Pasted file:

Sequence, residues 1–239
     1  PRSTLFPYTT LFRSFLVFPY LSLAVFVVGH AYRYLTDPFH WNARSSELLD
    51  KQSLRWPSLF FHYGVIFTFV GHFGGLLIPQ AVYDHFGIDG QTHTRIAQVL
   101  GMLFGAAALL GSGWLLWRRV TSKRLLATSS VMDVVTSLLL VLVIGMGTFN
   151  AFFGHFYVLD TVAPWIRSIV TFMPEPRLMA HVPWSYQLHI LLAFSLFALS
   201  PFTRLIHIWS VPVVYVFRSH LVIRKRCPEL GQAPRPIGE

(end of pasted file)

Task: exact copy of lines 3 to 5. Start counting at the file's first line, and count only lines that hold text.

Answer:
    51  KQSLRWPSLF FHYGVIFTFV GHFGGLLIPQ AVYDHFGIDG QTHTRIAQVL
   101  GMLFGAAALL GSGWLLWRRV TSKRLLATSS VMDVVTSLLL VLVIGMGTFN
   151  AFFGHFYVLD TVAPWIRSIV TFMPEPRLMA HVPWSYQLHI LLAFSLFALS